14. Neil 8

    Planet X can probably be retired now we have the new catch-all of Dark Matter to blame for everything...

    http://www.newscientist.com/article/dn25177-did-dark-matter-kill-the-dinosaurs-maybe.html#.Ux3a-HV_sic

    1. Destroy All Monsters Silver badge
      Trollface

      Orbiting trollface

      You do need to start looking closer to home, dear!

  15. mad physicist Fiona

    Don't see how this helps any

    One thing the Nemesis hypothesis has always been very clear on is the size of the orbit - in order to get the period right it needs a semi-major axis of around 95,000 AU. These chaps can make meaningful assertions up to only 42% of that distance and less than 7.5% of the volume of space, and this is somehow "proof"?

    Yes, Nemesis is unlikely but it is a legitimate minority opinion, dismissing it as crackpot science is in itself a demonstration of scientific ignorance, since the whole idea is surprisingly and annoyingly difficult to conclusively disprove. In their eagerness to "prove" the falsehood of the theory they are guilty of far worse junk science.

    1. Anonymous Coward
      Anonymous Coward

      Re: Don't see how this helps any

      But a star that close to the Sun, even if it is class Y brown dwarf it would have showed up like a bright beacon to the IRAS and/or ISO missions, let alone any of the terrestrial IR-sensitive telescopes. Also the theoretical orbital parameters for Nemesis (consistent with the extinction pattern) has been worked out a long time ago, and we know in what part of the sky we should be looking, but nothing is there!

      BTW, the extinction pattern data is based on a very small sample set that is statistically not significant. Basically the uncertainties outweigh the conclusions.

    2. Anonymous Coward
      Anonymous Coward

      Re: Don't see how this helps any

      ... but presumably the proposed Nemesis is supposed to have a highly elliptical orbit? In which case - assuming it isn't currently at/near an extrema, the liklihood of spotting it might be higher, although of course it's slower moving out there and less likely to dwell in range. Also, might it not be likely to share the same orbital plane as the (inner) Oort cloud? - perhaps relaxing your 0.4^3~=0.07 to about ~ .4^2 ~= 0.16.

      While the authors may well be over confident, it seems to me that without further detail, your 0.4^3 is perhaps to be a rather too stringent a bound on probability.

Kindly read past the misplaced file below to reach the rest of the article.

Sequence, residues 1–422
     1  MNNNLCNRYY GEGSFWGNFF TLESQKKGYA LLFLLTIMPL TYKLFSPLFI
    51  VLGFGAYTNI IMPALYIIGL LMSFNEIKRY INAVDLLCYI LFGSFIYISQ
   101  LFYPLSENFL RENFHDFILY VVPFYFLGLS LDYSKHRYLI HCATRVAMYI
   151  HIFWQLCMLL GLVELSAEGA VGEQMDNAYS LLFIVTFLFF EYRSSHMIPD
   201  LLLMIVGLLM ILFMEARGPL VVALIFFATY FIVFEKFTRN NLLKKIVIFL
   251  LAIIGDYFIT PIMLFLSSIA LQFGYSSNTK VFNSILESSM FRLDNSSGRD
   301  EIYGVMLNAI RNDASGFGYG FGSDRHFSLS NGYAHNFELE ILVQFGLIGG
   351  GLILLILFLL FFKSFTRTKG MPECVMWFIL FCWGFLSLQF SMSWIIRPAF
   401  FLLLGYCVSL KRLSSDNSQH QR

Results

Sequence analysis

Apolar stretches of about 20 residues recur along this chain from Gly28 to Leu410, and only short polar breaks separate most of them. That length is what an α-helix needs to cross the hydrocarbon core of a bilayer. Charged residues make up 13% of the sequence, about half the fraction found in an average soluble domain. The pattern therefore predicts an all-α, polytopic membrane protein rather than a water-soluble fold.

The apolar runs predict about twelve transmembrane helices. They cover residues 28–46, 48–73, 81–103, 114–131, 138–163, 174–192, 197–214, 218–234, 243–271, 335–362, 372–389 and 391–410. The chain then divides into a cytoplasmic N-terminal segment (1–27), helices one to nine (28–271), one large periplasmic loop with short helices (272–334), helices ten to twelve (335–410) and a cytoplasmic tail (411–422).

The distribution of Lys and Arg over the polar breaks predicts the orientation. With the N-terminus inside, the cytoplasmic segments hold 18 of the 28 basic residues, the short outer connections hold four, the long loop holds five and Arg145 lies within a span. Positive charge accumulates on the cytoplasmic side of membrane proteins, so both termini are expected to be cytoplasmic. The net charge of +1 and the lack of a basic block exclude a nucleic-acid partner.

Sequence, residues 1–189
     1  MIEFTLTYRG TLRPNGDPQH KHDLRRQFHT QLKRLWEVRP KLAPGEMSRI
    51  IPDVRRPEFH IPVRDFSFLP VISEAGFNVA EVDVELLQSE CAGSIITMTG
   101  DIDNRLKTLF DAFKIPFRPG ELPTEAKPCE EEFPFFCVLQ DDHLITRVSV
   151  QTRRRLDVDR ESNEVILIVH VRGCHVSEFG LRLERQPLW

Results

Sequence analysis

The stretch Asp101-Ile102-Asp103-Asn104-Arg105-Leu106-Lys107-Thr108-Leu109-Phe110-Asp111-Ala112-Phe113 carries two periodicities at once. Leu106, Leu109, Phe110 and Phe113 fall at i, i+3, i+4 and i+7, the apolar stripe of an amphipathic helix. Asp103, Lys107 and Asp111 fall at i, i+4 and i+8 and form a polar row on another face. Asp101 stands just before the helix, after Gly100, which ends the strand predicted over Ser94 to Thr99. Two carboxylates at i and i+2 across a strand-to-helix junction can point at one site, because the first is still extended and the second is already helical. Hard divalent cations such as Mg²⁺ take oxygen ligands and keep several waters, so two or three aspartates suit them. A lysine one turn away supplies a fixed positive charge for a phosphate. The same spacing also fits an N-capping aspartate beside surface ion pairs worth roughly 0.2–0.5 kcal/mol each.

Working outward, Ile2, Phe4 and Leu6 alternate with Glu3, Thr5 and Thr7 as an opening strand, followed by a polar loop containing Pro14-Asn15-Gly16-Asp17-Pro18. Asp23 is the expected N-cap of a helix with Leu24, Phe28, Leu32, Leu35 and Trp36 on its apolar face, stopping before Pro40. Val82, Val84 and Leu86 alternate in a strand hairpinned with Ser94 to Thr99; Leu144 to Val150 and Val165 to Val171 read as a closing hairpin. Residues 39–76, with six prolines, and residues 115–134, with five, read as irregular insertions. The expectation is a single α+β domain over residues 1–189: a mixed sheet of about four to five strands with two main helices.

(correctlions/clarifications welcome)

      1. the spectacularly refined chap

        Re: Don't see how this helps any

        presumably the proposed Nemesis is supposed to have a highly elliptical orbit? In which case - assuming it isn't currently at/near an extrema, the liklihood of spotting it might be higher...

        Orbital mechanics have the effect that the closer in a body to whatever it is orbiting the faster it travels, before slowing down as it moves further away from that body again - if you think about it it's simple conservation of energy, as kinetic energy is traded for potential and vice versa. The net effect is that arguing for a highly elliptical orbit pushes out the average distance at any given time quite considerably, since the body spend most of its time traveling slowly through the more distant part of its orbit, before quickly sweeping through the closer portion and returning to a greater distance.

        In any event, for the theory to hold it almost needs the reverse, while the orbit doesn't have to be perfectly circular it can't be highly eccentric. The projected orbit is huge - a radius of 1½ light years. The more eccentric it becomes the further the hypothetical body moves away from the Sun at it's outermost limit and if it gets too far the Sun ceases to be gravitationally dominant. Even if in one particular pass it doesn't come close enough to anything else to be perturbed out of orbit, you would expect precession of the argument of perihelion over cosmological time, which would have the effect of flinging it out in a slightly different direction on each orbit. That increases the chances of an eccentrically orbiting body being lost forever.

      2. Tom 13

        Re: assuming it isn't currently at/near an extrema

        Given they've got the orbit worked out they also know based on the extinction events where on the orbit the planet ought to be. So you don't have to do a whole sky survey. If those calculations show it outside the range of experimental observation, there would have been no point in conducting the exercise in the first place, at least vis-a-vie testing the Nemesis hypothesis.

    3. Psyx

      Re: Don't see how this helps any

      "These chaps can make meaningful assertions up to only 42% of that distance "

      Re: WISE: "a Jupiter-mass object out to 1 light year (63,000 AU), where it would still be within the Sun's zone of gravitational control. A larger object of 2–3 Jupiter masses would be visible at a distance of up to 7–10 light years."

      So... we should have found it. More to the point, we should have noted some - any - kind of other evidence. We haven't. And we've looked several times. That's not 'eagerness to throw out a theory' at all.

      "the whole idea is surprisingly and annoyingly difficult to conclusively disprove."

      Lack of evidence is not evidence. It is impossible to prove that something undetectable does not exist, as atheists have been banging their head against the wall trying to explain for decades. However, all of our best surveys can't find it, nobody has ever spotted it with a telescope, nobody has ever found any gravitic influence that could be attributed to it in modern times, and the best reasoning for its existence is a rough collaboration with the time of extinction events... which might or might not all be related to rocks falling from the sky.